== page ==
Balance of convenience is meant to assess the ratio of hardship it is likely to cause to a defendant if an interim injunction is granted and the hardship it is likely to cause to a plaintiff in case an interim injunction is not granted. The balance of convenience may also relate to financial aspects, which shall be discussed separately.
In the case of Hoffman La Roche vs, Cipla Ltd. , while leaving aside a credible challenge to the validity of the patent, a lot of discussions revolved around the price differential between a generic product launched by the defendants and the product of the plaintiff. In view of the fact that the price differential of the cancer treatment drug was more than 300%, a bench of the Delhi court averred that granting the interim injunction would deny access to the cheap essential drug to the public at large and therefore, the balance of convenience did not lie in favour of granting the interim injunction.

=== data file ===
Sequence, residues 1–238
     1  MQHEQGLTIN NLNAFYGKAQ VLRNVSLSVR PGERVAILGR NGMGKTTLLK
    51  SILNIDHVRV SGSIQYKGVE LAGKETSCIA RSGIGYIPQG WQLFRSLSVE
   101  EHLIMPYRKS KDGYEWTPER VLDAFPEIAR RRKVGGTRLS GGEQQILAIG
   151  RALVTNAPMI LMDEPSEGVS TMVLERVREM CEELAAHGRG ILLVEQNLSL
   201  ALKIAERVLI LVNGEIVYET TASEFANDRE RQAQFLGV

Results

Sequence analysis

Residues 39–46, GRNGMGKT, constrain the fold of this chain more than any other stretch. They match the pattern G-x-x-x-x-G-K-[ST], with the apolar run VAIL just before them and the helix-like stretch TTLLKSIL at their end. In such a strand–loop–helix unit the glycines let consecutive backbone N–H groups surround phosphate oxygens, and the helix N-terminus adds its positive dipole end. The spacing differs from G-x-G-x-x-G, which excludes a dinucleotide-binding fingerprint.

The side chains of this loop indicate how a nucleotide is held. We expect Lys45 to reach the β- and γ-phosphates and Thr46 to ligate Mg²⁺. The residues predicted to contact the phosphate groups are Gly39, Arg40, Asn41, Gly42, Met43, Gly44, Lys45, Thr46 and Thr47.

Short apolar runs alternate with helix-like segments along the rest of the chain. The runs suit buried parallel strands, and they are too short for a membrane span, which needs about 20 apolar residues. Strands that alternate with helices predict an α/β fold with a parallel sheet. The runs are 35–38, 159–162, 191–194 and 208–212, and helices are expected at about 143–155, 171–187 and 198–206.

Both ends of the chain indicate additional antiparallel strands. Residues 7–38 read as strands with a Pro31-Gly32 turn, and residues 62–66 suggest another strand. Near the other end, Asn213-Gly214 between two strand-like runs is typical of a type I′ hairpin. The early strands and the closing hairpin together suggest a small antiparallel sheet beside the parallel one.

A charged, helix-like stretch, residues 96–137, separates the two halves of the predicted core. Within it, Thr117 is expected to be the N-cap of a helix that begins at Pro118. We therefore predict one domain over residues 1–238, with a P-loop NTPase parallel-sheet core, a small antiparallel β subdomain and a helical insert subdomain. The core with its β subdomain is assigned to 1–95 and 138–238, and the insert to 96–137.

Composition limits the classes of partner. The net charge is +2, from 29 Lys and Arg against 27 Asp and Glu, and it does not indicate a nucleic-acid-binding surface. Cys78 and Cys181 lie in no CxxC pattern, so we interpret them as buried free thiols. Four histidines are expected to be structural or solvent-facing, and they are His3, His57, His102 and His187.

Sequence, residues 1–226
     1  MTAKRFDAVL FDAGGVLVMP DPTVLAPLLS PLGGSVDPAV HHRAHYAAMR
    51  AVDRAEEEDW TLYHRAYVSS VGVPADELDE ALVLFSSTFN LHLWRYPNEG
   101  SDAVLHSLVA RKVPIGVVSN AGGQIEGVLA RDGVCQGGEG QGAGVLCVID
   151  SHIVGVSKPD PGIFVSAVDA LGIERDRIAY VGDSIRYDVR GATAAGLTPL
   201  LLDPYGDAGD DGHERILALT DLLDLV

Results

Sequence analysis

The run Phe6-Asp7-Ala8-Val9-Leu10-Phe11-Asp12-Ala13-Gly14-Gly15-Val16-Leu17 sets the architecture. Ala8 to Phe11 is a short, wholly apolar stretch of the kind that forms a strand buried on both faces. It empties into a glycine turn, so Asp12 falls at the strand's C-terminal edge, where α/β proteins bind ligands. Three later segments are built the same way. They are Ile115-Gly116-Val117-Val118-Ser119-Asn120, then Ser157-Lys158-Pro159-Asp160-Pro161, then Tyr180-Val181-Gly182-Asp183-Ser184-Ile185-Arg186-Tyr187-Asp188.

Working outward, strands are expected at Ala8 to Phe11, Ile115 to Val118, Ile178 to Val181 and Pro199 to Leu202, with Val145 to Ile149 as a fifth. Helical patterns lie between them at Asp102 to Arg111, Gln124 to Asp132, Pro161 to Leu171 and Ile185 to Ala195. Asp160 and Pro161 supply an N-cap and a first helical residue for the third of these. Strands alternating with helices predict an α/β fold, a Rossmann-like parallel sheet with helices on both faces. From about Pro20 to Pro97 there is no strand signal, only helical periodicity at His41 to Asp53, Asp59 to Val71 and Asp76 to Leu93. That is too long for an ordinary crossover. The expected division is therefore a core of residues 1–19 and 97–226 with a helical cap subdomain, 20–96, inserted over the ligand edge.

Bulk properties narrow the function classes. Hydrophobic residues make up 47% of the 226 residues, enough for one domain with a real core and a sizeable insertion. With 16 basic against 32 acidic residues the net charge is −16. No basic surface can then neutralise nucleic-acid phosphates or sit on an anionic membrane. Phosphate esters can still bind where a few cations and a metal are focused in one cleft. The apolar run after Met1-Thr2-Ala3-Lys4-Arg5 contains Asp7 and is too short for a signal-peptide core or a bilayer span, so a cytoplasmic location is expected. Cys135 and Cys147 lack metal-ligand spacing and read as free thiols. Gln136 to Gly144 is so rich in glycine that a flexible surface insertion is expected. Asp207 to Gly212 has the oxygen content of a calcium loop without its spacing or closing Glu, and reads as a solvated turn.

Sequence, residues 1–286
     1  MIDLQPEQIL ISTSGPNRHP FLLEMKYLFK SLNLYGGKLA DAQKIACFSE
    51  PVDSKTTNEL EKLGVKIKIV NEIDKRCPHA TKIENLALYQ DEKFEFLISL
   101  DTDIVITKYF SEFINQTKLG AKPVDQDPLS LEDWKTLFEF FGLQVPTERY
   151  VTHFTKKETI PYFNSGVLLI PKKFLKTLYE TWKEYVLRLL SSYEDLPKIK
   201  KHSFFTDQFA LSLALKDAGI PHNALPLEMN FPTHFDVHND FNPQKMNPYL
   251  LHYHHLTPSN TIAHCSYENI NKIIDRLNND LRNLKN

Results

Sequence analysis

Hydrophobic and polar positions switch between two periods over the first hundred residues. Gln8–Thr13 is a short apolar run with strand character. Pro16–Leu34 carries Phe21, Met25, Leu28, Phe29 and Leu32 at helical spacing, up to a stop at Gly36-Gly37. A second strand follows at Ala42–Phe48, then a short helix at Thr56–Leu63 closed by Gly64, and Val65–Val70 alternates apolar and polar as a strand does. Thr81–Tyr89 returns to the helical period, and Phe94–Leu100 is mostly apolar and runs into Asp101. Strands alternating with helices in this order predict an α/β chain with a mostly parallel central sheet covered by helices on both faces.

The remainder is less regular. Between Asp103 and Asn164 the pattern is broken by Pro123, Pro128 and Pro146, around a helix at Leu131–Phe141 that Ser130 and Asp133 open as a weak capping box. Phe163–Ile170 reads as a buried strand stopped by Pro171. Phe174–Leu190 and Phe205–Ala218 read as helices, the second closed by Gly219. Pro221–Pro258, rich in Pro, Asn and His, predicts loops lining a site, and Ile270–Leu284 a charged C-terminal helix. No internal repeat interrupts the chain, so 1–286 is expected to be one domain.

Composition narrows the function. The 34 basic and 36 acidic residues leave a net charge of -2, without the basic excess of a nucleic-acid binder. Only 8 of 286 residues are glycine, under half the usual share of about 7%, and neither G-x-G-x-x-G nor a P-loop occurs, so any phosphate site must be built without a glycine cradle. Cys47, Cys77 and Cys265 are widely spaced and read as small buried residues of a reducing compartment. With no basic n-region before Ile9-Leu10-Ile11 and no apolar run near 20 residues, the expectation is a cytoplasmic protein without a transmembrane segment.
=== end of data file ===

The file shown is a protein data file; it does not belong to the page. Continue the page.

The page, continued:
In the case of Boehringer Ingelheim (India) Pvt Lt., vs Vee Excel Drugs2, the court averred that the defendants were aware of the patent of the plaintiff but they preferred to wait till the expiry of the alleged genus patent and then raised a credibility challenge against the alleged species patent. Further, the defendants did not file any pre-grant or post-grant opposition. The plaintiff had the patent under which a drug was launched whereas the defendant did not have any such patent. The defendants could have sought revocation of the subject matter before starting the manufacturing process of the alleged infringing product. The fact of the defendants neither own a patent related to the product proposed to be launched nor have filed opposition/ revocation petition timely, the court averred that a balance of convenience was created in favour of the plaintiff.